Scientists have found that New Zealand is actually part of an own, eighth continent. Zealandia is mostly submerged, but is an intact “4.9 mkm2 region of the southwest Pacific Ocean made up of continental crust”, state the researchers of the Geological Society of America who examined the area. “Its isolation from Australia and large area support its definition as a continent. Zealandia was formerly part of Gondwana. Today it is 94% submerged, mainly as a result of widespread Late Cretaceous crustal thinning preceding supercontinent breakup and consequent isostatic balance. The identification of Zealandia as a geological continent, rather than a collection of continental islands, fragments, and slices, more correctly represents the geology of this part of Earth.”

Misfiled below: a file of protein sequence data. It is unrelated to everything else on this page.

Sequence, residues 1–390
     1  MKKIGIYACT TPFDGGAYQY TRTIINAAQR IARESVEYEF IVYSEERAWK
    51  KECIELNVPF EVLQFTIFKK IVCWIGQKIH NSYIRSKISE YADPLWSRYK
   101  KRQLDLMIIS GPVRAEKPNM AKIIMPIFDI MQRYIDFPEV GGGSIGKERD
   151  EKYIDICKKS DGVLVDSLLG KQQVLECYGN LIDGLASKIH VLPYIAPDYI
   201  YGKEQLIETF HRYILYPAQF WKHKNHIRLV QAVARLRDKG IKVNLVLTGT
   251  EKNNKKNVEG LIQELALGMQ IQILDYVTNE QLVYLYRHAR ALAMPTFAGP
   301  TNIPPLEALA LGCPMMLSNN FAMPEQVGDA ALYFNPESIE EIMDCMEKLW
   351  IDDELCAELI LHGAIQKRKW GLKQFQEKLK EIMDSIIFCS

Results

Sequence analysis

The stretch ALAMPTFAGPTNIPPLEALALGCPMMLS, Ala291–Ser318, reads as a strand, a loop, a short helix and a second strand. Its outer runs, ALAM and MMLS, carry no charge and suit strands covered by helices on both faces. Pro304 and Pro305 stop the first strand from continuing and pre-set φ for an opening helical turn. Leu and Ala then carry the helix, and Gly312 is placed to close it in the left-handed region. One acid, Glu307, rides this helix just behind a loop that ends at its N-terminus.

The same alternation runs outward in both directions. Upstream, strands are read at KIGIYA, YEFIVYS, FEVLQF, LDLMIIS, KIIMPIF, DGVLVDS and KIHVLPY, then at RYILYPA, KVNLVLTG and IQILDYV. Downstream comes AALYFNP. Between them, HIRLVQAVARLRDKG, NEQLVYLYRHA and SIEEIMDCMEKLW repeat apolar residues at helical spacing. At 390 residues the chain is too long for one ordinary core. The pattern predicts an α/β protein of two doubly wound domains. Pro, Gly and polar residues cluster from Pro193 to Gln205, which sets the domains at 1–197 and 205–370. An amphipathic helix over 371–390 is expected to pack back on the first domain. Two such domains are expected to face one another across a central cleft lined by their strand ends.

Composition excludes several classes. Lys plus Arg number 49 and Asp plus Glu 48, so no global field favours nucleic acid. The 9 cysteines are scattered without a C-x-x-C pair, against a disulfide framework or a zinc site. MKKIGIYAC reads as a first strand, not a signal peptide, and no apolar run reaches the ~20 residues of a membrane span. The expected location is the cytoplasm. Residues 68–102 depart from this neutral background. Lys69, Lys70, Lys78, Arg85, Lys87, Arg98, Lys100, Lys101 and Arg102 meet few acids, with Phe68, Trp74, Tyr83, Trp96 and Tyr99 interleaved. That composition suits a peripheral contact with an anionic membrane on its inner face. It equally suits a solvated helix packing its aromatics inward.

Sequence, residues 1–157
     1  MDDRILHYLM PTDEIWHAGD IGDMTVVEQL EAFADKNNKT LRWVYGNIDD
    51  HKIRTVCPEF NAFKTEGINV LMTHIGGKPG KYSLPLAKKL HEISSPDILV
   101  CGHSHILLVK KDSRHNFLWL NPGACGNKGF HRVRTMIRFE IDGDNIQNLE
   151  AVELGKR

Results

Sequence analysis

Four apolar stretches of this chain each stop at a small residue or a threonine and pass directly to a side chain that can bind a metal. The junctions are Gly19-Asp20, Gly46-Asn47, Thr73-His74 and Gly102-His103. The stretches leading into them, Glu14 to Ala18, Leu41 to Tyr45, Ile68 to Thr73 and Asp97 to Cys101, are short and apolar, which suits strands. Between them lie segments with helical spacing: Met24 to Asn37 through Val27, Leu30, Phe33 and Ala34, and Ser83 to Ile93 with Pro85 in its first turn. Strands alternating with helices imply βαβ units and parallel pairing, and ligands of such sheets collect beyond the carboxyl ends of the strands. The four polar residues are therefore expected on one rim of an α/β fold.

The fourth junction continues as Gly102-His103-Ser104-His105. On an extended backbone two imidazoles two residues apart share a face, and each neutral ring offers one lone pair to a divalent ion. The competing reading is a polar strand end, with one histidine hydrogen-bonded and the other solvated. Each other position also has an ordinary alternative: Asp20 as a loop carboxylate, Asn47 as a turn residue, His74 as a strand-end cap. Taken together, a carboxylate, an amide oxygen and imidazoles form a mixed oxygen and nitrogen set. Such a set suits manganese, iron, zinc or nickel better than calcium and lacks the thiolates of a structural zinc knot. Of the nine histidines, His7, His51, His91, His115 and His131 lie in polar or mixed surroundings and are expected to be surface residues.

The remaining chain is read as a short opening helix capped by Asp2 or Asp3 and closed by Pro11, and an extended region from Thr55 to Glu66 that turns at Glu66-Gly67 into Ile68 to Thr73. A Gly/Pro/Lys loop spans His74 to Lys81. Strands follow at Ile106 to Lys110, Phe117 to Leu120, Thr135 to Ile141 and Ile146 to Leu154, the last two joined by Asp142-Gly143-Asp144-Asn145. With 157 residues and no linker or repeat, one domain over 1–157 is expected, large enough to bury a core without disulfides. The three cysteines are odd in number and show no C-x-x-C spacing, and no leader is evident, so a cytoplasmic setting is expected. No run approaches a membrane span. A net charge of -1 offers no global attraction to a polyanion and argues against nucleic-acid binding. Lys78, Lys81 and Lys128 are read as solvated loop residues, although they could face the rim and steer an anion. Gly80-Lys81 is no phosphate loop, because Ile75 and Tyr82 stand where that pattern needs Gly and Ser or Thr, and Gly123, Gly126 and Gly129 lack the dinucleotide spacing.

This development doesn’t come as a surprise to many New Zealand geoscientists, as GNS Science staff have long been building the case for Zealandia. In fact, it has been the subject of multiple books and presentations.
Nick Mortimer of GNS Science, who was lead author for the paper presenting these facts, said this latest publication was significant in that it described the results of more than 20 years geology and geophysics research in a summary paper that is fully referenced and peer-reviewed. "Being more than 1 million square kilometers in area, and bounded by well-defined geologic and geographic limits, Zealandia is, by our definition, large enough to be termed a continent," he said.
The findings will not change Geography lessons yet, as there is no official way of determining continents, but it will help the scientific community to further understand how tectonic plates move and how continents reshape.
It is of note that this is not the first time that scientists have made continental discoveries. In 2013, a team from Norway found evidence of a microcontinent in the Indian Ocean, “thought to be volcanic chains formed above the Réunion mantle plume over the past 65.5 million years”.